The memo I drafted while at FCB/Leber Katz, outlined this gentleman’s modus operandi, his paranoia and his gunslinger mentality.

After the new business pitch was won by FCB/Leber Katz, it was reported that all competing agencies has come up with great ideas, taglines, cinema and media plans. FCB/Leber Katz, however, won the business, it was reported, because of a spectacular piece of music scored by a creative director (eventually recorded by Whitney Huston) and a strategic group called the “Chess Team,” a planning group whose sole responsibility was to predict future MCI, Sprint and other competitors moves.

The power of the memo.

Peace.

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A lot of brand planners talk about “voice.”  The voice of the brand. It’s a metaphor, of course, and one marketers easily understand. If I close my eyes and listen to Eddie Vedder sing, I know it’s him. Voice is an identifier.

As someone who has run gazillions of dollars of radio and TV ads, I know the power of a distinct voice. It’s smart marketing, if sometimes a crutch.   

The voice metaphor falls apart when the delivery of the message outweighs what’s delivered. In branding what is delivered needs to be the brand strategy (one claim, 3 proof planks).  Brand strategy is content-related not piping or music. Building a brand by organizing a limited number of key values in consumers’ minds (and employees’ minds) is the fastest, most efficient way to marketing success.   

Years ago when a St. Louis focus group attendee looked at an AT&T videoconferencing ad and exclaimed “AT&T would never talk to me like that.” It was a comment about voice. When another said “If it’s from AT&T, I’m sure the videoconferencing quality will be excellent,” that’s brand strategy.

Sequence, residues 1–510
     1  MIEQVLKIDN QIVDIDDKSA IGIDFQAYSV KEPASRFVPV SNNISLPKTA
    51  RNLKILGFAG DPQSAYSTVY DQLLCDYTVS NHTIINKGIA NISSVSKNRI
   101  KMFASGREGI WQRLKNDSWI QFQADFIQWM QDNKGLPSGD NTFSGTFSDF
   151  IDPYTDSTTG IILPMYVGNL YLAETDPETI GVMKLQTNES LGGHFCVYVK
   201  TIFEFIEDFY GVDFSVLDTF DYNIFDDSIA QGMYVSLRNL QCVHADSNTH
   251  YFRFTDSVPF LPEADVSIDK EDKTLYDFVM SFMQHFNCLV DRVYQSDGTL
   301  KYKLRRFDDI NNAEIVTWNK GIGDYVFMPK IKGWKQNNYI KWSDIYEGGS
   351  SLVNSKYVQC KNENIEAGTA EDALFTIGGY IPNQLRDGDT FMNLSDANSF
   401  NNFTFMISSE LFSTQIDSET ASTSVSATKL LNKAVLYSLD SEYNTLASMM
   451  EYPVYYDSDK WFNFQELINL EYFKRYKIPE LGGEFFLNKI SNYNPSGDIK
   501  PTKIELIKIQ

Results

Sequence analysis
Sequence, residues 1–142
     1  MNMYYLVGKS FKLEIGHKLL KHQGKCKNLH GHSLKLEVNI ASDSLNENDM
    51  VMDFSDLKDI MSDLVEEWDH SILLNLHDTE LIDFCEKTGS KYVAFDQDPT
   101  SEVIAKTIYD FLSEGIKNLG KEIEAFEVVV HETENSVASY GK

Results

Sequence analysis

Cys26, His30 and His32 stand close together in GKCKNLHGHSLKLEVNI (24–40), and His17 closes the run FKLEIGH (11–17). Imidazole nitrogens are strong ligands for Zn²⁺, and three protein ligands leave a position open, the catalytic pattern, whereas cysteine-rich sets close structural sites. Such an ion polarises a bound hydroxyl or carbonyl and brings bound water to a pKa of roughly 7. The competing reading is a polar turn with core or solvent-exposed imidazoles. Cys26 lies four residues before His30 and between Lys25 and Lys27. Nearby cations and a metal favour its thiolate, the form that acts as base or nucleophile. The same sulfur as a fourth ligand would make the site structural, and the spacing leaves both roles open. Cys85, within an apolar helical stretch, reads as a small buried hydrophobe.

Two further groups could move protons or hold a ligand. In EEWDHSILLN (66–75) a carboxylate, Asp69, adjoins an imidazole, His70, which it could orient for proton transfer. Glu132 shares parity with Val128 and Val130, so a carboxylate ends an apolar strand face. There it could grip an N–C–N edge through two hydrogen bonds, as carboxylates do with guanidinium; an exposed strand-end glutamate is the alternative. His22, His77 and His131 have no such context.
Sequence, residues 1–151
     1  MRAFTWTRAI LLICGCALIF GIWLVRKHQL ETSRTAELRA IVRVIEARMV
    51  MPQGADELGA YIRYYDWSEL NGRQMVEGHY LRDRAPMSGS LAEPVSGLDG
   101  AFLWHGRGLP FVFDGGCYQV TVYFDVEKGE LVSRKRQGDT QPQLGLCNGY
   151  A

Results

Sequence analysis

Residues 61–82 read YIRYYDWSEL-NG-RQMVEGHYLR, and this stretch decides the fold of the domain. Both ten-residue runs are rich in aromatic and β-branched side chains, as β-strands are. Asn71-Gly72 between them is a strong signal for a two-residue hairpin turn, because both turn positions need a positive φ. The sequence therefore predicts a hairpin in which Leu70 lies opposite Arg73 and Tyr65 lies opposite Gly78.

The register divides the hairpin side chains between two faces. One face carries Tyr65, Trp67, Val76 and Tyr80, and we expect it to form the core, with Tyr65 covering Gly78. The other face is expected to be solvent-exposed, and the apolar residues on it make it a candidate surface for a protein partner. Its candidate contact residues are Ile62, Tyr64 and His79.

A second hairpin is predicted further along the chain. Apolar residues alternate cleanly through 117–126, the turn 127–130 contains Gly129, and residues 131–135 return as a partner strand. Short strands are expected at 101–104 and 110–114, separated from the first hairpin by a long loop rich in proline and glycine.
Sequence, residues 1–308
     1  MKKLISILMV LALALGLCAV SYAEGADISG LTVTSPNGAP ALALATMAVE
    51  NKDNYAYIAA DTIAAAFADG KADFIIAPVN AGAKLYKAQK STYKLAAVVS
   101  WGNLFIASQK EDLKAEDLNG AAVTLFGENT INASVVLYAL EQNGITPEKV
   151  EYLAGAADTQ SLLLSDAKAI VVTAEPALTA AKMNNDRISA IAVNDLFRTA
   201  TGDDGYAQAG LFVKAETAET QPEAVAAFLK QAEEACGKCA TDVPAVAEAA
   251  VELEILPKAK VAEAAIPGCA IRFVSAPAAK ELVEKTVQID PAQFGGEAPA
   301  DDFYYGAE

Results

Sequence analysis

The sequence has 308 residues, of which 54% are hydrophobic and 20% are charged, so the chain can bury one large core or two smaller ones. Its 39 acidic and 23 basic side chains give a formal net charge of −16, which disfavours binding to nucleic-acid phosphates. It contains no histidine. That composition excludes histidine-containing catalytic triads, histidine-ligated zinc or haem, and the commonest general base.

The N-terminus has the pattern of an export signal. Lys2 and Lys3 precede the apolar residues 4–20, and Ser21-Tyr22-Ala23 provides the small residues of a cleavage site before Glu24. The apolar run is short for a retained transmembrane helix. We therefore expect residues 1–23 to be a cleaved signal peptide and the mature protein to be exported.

Peace.

 

 

 

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I often wonder if the targets for my business truly understand what I do. Those targets, CMOs, directors of marketing and small and mid-size business owners, read “brand consultancy” and get the consultant part, but may not truly understand the depth of the word brand. Brand today is both a noun and a verb.  

Many think brand is a mark or logo. Something that, through design, helps consumers with product identity. The whole branded cattle history thing. For people who view brands this way a brand consultancy is all logo, name, style guide and, perhaps, tagline. When AT&T spun off Lucent in the 90s, the whole process, exquisitely implemented by the way, cost millions. A year later, the company had a new name, logo, building signs, stock symbol and ad campaign. But not a brand strategy. (Peter Kim’s “$14B tech startup” aside.)

The reality is, especially in today service economy, a brand is a living breathing thing. My definition of brand strategy as “an organizing principle for Product, Experience and Messaging.” Most of my targets understand this definition better. In fact, they are more apt to acknowledge needing and organizing principle that they are a brand strategy.  

So moving forward my mission it to educate my targets as to this new definition. It will be a long road but one I expect will redistribute marketing wealth in my direction. Onward.

Peace.

 

 

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The other day I read AT&T was moving all of its advertising business to Omnicom. No doubt the reason undergirding the move was economies of scale. One of the public explanations for Omnicom winning the business was “integration” of programs and ideas. That is to say the new media agency “nuts and honey” or some such and super shop BBDO will work together closely, in an aligned fashion, to insure the ideas they presented as a team in the pitch are structurally recreated IRL (in real life).